Introduction

In the 1989 case of Price Waterhouse v. Hopkins, the United States Supreme Court addressed the proper allocation of the burden of persuasion in cases brought under Title VII of the Civil Rights Act of 1964, when an employee alleges that he or she suffered an adverse employment action because of both permissible and impermissible considerations (commonly referred to as a "mixed-motives" case). In Price Waterhouse, a plurality of the Court, along with two concurring Justices, held that if a plaintiff shows that his or her membership in a protected class was a motivating factor in an employment decision, then the employer can only avoid liability by showing a preponderance of evidence that it would have made the same decision even if it had not taken that impermissible factor into account. In other words, the burden of persuasion "shifts" to the employer to show that it would have taken the same action regardless of that impermissible consideration.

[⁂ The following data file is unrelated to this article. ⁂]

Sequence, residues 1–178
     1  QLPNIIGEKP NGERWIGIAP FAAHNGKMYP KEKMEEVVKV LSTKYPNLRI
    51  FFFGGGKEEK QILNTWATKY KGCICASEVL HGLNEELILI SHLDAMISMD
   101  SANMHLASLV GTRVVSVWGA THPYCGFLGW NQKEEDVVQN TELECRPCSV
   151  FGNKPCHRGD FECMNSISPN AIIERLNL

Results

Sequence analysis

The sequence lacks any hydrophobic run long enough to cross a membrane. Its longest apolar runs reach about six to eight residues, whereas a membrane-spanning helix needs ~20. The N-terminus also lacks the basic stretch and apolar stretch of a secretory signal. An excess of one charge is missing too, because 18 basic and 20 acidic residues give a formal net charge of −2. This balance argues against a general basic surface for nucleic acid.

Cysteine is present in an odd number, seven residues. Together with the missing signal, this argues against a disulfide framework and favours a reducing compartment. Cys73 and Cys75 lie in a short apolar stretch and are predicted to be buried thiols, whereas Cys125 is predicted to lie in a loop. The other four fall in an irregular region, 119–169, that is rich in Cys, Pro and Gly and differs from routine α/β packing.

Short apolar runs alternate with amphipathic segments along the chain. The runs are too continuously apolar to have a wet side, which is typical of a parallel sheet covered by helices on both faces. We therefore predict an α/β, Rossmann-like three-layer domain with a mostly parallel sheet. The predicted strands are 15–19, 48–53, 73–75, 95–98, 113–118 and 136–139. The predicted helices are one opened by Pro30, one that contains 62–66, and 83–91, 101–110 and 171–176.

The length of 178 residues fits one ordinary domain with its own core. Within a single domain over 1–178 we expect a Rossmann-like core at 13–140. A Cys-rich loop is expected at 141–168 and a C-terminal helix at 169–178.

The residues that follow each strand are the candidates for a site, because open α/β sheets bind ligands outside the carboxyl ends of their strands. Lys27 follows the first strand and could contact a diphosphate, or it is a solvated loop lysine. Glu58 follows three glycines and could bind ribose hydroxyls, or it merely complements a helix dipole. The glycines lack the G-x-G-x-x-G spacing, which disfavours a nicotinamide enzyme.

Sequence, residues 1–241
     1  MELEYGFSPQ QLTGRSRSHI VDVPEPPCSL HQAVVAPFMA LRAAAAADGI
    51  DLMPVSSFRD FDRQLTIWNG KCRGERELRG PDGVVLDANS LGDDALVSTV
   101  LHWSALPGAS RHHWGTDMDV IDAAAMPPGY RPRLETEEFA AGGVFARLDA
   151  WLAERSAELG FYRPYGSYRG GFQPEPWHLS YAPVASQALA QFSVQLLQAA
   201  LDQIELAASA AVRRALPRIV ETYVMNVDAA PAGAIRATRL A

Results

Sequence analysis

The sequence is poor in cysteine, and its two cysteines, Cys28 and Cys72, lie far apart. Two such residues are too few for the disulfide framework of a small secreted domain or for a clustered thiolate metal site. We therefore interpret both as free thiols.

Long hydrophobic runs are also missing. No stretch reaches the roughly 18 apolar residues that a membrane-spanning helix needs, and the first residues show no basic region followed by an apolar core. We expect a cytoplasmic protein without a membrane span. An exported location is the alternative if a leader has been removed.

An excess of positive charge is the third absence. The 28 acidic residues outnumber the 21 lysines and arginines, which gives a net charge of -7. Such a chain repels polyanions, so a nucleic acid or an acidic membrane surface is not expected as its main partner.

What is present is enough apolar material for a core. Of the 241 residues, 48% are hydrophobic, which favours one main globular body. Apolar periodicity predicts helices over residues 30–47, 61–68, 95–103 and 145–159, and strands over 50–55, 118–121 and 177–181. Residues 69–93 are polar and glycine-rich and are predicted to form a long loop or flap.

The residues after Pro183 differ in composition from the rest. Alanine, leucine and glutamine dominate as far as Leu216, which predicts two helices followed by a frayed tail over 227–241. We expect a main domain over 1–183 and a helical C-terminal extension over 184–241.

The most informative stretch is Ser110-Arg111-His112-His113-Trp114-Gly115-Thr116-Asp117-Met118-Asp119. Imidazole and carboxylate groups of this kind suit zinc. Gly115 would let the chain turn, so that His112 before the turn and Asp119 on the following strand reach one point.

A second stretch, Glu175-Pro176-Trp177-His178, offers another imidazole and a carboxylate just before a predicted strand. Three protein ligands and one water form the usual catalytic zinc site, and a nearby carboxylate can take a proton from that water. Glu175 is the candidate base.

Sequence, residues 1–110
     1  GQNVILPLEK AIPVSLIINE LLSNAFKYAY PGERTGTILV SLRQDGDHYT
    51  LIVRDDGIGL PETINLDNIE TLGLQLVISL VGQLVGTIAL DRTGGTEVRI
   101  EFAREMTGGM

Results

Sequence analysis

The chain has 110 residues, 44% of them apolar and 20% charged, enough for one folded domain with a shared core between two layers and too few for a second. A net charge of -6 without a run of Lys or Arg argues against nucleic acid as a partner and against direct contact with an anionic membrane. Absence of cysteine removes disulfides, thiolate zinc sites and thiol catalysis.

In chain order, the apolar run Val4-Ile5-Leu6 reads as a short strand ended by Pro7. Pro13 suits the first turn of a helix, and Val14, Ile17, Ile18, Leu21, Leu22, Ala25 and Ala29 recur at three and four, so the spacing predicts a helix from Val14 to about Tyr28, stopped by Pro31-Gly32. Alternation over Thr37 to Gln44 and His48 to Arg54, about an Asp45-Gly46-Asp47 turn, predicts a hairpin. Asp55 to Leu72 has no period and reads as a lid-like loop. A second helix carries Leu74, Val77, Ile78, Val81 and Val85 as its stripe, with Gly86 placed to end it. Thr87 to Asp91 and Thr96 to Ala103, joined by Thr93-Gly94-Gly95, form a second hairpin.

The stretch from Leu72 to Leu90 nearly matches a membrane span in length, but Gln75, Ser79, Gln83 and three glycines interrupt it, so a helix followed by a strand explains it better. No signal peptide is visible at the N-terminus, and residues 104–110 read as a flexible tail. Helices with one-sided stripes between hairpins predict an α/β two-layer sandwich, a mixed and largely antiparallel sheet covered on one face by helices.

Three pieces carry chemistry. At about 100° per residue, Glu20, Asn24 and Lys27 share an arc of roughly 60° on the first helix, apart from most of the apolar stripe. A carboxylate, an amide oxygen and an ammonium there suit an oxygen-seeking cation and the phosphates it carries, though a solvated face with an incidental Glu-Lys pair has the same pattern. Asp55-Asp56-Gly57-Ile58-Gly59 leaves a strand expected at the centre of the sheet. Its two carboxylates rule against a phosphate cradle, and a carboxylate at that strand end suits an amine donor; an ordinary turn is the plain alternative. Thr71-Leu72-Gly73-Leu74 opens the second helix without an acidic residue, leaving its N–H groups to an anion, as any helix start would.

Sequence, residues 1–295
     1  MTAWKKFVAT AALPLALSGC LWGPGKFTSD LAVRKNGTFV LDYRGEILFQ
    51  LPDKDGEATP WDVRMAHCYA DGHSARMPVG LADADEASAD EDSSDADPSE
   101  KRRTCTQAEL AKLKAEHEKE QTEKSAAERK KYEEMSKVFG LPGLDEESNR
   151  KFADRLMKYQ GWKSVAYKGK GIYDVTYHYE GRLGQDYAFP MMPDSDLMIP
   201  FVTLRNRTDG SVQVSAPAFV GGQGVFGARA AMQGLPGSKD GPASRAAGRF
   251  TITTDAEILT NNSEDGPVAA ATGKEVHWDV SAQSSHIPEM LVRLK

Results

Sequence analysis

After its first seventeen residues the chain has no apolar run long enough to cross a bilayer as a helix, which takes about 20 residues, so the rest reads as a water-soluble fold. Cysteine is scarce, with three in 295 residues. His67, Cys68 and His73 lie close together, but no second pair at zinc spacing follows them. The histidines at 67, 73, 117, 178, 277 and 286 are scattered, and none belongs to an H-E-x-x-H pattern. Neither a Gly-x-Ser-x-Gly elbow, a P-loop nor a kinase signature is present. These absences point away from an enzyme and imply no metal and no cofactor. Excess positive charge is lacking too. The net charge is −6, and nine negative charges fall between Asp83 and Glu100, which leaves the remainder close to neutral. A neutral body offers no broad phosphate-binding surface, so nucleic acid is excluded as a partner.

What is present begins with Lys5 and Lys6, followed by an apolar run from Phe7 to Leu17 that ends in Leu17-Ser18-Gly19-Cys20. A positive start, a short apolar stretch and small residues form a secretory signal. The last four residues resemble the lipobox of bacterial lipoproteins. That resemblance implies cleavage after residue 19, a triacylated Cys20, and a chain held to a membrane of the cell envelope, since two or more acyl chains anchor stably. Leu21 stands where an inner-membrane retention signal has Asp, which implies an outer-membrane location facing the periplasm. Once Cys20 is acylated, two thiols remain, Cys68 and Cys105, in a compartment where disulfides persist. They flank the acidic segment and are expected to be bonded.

Following the Supreme Court's decision in Price Waterhouse, Congress amended Title VII to make "motivating factor" the standard in all Title VII cases. As amended, Title VII provides that an unlawful employment practice is established when the plaintiff demonstrates that race, color, religion, sex, or national origin was "a motivating factor" for any employment action, even if other factors also motivated the action. Congress did not amend the Age Discrimination in Employment Act ("ADEA") in the same manner, even though it amended the ADEA in other ways. Nonetheless, many courts permitted mixed-motive burdenshifting instructions to be given to juries in age discrimination cases under the ADEA. That practice is now prohibited under the United States Supreme Court's recent holding in Gross v. FBL Financial Services, Inc. (2009).

The Facts

Petitioner Jack Gross started working for FBL Financial Group, Inc. ("FBL") in 1971. In 2003, when he was 54 years old, Gross was reassigned from his then-current position of "claims administration director" to the position of "claims project coordinator." As part of this reassignment, many of Gross' job duties were transferred to a newly created position - "claims administration manager." That new position was given to an individual in her early forties who had previously been supervised by Gross.